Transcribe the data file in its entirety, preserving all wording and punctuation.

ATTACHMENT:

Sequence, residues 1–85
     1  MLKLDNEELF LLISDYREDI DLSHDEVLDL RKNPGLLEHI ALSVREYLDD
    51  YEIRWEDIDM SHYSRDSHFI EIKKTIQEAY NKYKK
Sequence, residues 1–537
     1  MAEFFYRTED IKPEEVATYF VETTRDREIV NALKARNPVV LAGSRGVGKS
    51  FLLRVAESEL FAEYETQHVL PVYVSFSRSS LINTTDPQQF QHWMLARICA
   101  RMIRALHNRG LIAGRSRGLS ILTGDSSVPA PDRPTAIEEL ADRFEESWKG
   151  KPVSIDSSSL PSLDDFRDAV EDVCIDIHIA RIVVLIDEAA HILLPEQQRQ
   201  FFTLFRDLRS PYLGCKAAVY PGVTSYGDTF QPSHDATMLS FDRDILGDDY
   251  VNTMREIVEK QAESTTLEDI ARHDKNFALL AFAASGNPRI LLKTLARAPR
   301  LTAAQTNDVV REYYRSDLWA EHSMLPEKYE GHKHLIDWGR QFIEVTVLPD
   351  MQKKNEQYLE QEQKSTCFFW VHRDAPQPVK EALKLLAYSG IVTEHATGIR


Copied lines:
Sequence, residues 1–85
     1  MLKLDNEELF LLISDYREDI DLSHDEVLDL RKNPGLLEHI ALSVREYLDD
    51  YEIRWEDIDM SHYSRDSHFI EIKKTIQEAY NKYKK
Sequence, residues 1–537
     1  MAEFFYRTED IKPEEVATYF VETTRDREIV NALKARNPVV LAGSRGVGKS
    51  FLLRVAESEL FAEYETQHVL PVYVSFSRSS LINTTDPQQF QHWMLARICA
   101  RMIRALHNRG LIAGRSRGLS ILTGDSSVPA PDRPTAIEEL ADRFEESWKG
   151  KPVSIDSSSL PSLDDFRDAV EDVCIDIHIA RIVVLIDEAA HILLPEQQRQ
   201  FFTLFRDLRS PYLGCKAAVY PGVTSYGDTF QPSHDATMLS FDRDILGDDY
   251  VNTMREIVEK QAESTTLEDI ARHDKNFALL AFAASGNPRI LLKTLARAPR
   301  LTAAQTNDVV REYYRSDLWA EHSMLPEKYE GHKHLIDWGR QFIEVTVLPD
   351  MQKKNEQYLE QEQKSTCFFW VHRDAPQPVK EALKLLAYSG IVTEHATGIR